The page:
• Last modified 607 days ago (Dec. 9, 2020)


Classes shuttered; sports imperiled

Staff writer

Marion public school students who rode an activity bus Friday might need to quarantine after its driver, Jerry Kline, tested positive for COVID-19 and was put into isolation Sunday.

Kline said he was tested after his wife, Norma, got positive results from a test performed Friday.

Now both are in isolation, although Jerry is asymptomatic.

“I never did feel bad,” Jerry said. “My wife came down with a cough, so she got tested Friday.”

County medical consultant Don Hodson said how many students should be quarantined depends on how well they practiced social distancing and whether everyone wore masks.


“As long as everybody was wearing masks, I would quarantine the kids that were assigned a seat within 6 feet of the driver,” Hodson said. “The school could just wait a week and test everybody who was on the bus.”

Superintendent Aaron Homburg did not return a call to the Marion County Record Tuesday.

Preschool classes at Peabody Burns are not meeting after a student tested positive.

Superintendent Ron Traxson said preschoolers were not moved to remote learning because of the short number of days they must be quarantined.

“We had a little guy who turned out positive from last week,” he said. “Our kids won’t come back until Tuesday.”

Traxson said schools are told younger students are less likely to transmit COVID and less likely to have severe symptoms.

“We’ve got one situation here that we’re keeping a close eye on,” he said.

The school will continue to keep tabs on students after their return from Thanksgiving break.

“It’s a week-to-week thing with sports,” Traxson said. “We’ve got two games scheduled next week.”

Preschool through fifth grades at Centre schools were switched to online learning after a staff member tested positive for COVID.

Several students and staff are direct contacts, superintendent Susan Beeson said.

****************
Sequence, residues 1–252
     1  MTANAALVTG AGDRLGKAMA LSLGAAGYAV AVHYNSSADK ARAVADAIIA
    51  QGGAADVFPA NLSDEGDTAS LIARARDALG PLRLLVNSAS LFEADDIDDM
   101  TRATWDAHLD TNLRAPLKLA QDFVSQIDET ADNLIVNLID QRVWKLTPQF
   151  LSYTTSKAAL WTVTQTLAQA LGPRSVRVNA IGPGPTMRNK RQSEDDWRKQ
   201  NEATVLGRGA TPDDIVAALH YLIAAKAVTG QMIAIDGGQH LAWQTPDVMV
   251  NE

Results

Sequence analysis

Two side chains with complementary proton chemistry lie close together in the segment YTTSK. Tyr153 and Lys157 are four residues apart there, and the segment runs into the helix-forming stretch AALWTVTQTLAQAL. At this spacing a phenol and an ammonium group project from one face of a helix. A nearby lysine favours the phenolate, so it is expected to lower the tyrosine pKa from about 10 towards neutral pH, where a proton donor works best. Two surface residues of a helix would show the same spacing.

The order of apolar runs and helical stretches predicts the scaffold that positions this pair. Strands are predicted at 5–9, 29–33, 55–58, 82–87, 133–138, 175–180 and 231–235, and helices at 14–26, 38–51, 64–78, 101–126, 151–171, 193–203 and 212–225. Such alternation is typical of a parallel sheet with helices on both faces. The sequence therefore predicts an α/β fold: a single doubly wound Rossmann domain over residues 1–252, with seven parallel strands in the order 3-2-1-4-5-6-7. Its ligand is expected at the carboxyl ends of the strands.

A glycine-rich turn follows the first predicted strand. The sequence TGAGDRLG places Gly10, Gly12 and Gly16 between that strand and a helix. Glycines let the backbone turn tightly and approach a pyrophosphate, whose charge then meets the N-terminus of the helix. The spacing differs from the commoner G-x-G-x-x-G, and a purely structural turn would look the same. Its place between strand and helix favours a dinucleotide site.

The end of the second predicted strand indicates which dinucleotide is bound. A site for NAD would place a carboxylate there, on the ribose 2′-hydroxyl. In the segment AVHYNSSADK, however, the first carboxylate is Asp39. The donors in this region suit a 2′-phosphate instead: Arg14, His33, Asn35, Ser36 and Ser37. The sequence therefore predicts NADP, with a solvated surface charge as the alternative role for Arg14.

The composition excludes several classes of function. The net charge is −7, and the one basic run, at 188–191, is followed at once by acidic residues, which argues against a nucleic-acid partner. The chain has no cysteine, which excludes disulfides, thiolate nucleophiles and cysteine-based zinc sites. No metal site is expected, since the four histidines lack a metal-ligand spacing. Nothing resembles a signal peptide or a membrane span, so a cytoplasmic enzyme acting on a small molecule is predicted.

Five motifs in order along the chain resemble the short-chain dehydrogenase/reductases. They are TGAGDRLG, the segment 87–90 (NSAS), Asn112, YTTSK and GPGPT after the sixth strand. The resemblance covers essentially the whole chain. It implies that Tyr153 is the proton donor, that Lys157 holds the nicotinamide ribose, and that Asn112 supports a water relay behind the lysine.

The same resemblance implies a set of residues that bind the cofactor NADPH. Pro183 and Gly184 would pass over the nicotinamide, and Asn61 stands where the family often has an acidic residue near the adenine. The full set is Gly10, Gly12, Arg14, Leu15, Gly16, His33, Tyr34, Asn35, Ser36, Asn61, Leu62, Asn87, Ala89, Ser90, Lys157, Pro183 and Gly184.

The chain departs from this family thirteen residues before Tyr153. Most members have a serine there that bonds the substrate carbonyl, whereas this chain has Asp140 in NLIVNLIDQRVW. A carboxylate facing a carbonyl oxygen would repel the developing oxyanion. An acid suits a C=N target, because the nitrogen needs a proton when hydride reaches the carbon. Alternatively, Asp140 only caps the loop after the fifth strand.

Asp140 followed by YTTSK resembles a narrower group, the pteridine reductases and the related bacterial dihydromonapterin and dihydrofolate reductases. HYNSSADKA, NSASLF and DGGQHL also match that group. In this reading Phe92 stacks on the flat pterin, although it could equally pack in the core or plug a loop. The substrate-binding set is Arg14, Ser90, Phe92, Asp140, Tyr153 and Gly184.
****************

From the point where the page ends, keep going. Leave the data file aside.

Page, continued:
Preschool through fifth grade classes will learn remotely through the Dec. 18 start of winter break.

Students in grades 6-12 were already taking remote classes because a large number of them were quarantined.

Beeson said all students were tentatively scheduled to return to the classroom after winter break Jan. 4.

“This is extremely disappointing and bad for us,” Beeson said. “It’s very sad for the parents.”

Beeson said it’s important to provide safety for students and make decisions that help working parents maintain employment.

The school has between 85 and 90 preschool through fifth grade students, she said.

A meal program will continue to provide food for students, delivering the meals directly to families or to community locations, she said.

“We’re appreciative of our families and our school board members in the times that tough decisions have to be made for the safety of all,” Beeson said. “This is a terrible burden on people having to make these decisions.”

Hillsboro superintendent Max Heinrichs said the district’s students can continue face-to-face classes.

“We are looking good, but like everybody else we are anticipating a little bit of an uptick,” Heinrichs said.

Students in grades 6 to 12 attend on a hybrid schedule with half the students attending in the morning and the other half in the afternoon, and grade school classes meet face-to-face daily.

“We have kids in remote because they are in quarantine,” he said. “At the Dec. 14 board meeting we will talk about what we’re going to do in January.”

Last modified Dec. 9, 2020